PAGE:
Rep. Jim Banks suggested it was impossible for Rep. Ilhan Omar to experience PTSD. Omar is the only sitting member of Congress to have experienced and escaped warfare in her own home country of Somalia.

“This is a disgrace and offensive to our nation’s veterans who really do have PTSD after putting their life on the line to keep America safe,” he said, after Omar said she is “stricken with PTSD because of recent events in the Middle East.”

“Hi Jim, I survived war as a child and deal with post-traumatic stress disorder — much like many who have served or lived through war,” Omar tweeted. “It’s shameful that you as a member of Congress would erase the PTSD of survivors.”

By the numbers

  • $200,000: The amount of money raised last month by Antone Melton-Meaux, a recent DFL primary challenger to Rep. Ilhan Omar, according to his campaign. Omar is a prolific fundraiser, taking in over a million dollars in the third quarter of 2019. Another interesting quick fact, according to the campaign: When Melton-Meaux worked at St. Jude, he worked as legal counsel for the Second District’s Rep. Angie Craig.
  • 25: The number of days until the Iowa Caucuses. Sen. Amy Klobuchar has basically banked her campaign on a strong showing in Iowa. Soon, we’ll see how that plays out.
  • 7: The number of candidates on the presidential debate stage next week. That includes: former Vice President Joe Biden, former Mayor Pete Buttigieg, Andrew Yang, Tom Steyer, and Sens. Amy Klobuchar, Bernie Sanders, Elizabeth Warren.

The president next door

Sen. Amy Klobuchar is set to release a list of her bundlers sometime soon, letting voters see who has been assisting more than most with gathering large groups of big donors (credit to Akela Lacy).

Klobuchar also dropped out as a host for the National Prayer Breakfast.

In other news

  • Rep. Duncan Hunter, who pleaded guilty to corruption last month, resigned from Congress this week. California Gov. Gavin Newsom has said he will not hold a special election, because of the timing of Hunter’s resignation, and so the seat will remain vacant until next year.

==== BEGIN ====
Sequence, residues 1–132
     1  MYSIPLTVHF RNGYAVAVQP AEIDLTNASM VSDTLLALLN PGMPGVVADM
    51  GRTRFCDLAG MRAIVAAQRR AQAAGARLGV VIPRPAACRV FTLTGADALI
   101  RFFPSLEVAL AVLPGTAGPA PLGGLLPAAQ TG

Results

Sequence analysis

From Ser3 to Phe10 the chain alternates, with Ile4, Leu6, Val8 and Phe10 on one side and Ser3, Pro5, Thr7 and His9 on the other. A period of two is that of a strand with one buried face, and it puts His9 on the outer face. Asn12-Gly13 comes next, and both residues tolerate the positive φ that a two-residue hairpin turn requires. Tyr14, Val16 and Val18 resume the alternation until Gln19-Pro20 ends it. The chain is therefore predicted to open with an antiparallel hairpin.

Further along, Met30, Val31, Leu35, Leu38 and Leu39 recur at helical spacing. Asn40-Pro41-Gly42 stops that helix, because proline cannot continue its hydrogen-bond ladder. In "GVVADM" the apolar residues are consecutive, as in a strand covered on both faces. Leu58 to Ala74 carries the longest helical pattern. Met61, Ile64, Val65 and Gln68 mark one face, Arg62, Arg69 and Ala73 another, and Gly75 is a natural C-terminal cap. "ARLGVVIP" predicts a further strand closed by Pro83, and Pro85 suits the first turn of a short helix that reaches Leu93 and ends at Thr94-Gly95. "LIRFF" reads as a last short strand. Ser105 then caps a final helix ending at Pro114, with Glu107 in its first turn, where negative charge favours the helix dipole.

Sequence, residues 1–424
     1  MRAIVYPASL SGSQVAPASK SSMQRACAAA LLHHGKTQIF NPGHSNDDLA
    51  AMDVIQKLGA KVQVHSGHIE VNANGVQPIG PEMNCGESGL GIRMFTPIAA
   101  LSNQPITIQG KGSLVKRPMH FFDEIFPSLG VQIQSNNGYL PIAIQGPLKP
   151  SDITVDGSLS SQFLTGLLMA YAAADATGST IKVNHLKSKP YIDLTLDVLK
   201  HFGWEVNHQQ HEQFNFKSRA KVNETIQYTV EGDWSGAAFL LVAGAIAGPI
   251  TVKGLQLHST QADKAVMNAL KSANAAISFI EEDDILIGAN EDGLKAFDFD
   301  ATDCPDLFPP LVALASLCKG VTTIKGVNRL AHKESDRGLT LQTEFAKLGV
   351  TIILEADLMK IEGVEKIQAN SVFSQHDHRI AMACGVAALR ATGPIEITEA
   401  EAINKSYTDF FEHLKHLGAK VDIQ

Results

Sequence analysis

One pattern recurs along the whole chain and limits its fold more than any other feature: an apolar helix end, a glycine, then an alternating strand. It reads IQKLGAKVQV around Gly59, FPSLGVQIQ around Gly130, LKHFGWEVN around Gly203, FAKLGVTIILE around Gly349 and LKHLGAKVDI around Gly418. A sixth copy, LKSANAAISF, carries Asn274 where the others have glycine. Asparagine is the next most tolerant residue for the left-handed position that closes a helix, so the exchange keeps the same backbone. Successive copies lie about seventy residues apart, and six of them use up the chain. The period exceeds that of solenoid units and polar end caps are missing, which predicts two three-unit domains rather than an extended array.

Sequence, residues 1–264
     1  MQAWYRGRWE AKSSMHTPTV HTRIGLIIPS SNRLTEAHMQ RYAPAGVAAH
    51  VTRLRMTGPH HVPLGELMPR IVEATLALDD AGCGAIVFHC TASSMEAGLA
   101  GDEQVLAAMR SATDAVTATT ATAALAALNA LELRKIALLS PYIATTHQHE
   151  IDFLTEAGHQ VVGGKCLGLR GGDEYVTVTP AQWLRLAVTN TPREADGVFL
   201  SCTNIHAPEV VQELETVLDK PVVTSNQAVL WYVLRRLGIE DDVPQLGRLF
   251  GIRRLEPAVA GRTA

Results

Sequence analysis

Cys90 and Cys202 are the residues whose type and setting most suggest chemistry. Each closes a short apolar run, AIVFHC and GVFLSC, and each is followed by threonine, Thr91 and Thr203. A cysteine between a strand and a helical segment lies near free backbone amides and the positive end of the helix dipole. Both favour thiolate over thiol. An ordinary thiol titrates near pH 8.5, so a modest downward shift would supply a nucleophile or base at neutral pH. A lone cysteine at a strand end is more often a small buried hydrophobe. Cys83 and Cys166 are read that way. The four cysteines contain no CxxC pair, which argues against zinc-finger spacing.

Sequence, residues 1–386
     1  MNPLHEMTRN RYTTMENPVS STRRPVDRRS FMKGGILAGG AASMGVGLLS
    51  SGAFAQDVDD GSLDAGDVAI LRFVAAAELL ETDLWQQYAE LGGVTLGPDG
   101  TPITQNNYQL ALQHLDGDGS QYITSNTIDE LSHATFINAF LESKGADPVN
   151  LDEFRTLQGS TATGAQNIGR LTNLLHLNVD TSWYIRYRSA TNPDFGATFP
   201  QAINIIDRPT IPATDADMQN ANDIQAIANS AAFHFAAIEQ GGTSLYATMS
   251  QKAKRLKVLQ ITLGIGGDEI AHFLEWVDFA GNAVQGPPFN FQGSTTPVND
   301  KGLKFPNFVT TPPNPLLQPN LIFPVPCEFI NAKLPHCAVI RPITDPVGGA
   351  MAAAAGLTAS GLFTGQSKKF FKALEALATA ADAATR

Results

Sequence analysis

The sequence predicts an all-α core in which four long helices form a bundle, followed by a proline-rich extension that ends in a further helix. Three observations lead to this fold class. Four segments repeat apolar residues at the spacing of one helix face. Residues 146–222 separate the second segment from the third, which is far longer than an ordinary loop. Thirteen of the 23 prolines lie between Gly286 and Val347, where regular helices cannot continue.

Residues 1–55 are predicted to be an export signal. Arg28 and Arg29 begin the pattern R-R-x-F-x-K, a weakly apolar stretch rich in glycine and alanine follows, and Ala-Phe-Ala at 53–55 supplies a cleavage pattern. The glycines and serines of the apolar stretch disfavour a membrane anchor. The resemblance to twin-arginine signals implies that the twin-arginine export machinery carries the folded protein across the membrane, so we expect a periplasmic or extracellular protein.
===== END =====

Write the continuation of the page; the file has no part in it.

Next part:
• Up to 200 people, many Iranian-Americans, were held by agents at the U.S-Canada border. “My kids shouldn’t experience such things,” Negah Hekmati said. “They are U.S. citizens. This is not O.K.”
  • Former presidential candidate and Housing and Urban Development Secretary Julián Castro endorsed Sen. Elizabeth Warren for President.
  • As Minnesota counties vote on accepting refugees, here are the counties where refugees have actually moved in the last decade.

Quote of the week

“Our approach is grounded in Facebook’s fundamental belief in free expression, respect for the democratic process…” a Facebook spokesperson wrote in a letter to Joe Biden’s campaign.

What I’m reading

Aída Chávez for The Intercept: Joe Biden’s Role In Creating The Student Debt Crisis Stretches Back To The 1970s

In the last few days, it seems like Sen. Elizabeth Warren may be ready to relive a conflict she’s had with Joe Biden since 2005, when Biden pushed for legislation that made it virtually impossible for student loan debt to be reduced via bankruptcy, over the very public objections of a then-bankruptcy expert: Warren. The Massachusetts senator this week released a plan to repeal these provisions, likely setting up a future confrontation on the debate stage.

Conor Friedersdorf for The Atlantic: 1776 Honors America’s Diversity in a Way 1619 Does Not

I typically only share content that I’ve enjoyed reading, but the rushing muddy rain-after-snow slurry of criticism for the 1619 project (see here) is slowly melting my brain. This essay in The Atlantic, in part, argues that people in modern America should not feel tied back to people of the same race from that era, and instead, everyone should be able to “identify with the enslaved victims from 1619 to 1865.” Setting aside the fact that the author seems to be ignoring racist policy structures that have pervaded in some way since chattel slavery to make this argument, it’s a pretty astounding claim that everyone should have claim the generational trauma induced by slavery. And by astounding I mean bad.

That’s all for this week. Thanks for sticking around. Until next week, feel free to send tips, suggestions, and sound advice to: gschneider@minnpost.com. Follow at @gabemschneider. And don’t forget to become a MinnPost member.